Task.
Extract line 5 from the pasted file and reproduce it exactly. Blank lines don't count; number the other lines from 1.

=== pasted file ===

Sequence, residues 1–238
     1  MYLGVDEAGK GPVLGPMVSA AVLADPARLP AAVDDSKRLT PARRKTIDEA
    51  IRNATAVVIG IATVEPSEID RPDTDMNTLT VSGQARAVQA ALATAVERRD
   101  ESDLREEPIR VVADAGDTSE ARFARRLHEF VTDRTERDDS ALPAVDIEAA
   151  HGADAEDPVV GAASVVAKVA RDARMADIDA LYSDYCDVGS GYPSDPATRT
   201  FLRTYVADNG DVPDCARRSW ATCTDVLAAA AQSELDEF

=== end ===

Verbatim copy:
   151  HGADAEDPVV GAASVVAKVA RDARMADIDA LYSDYCDVGS GYPSDPATRT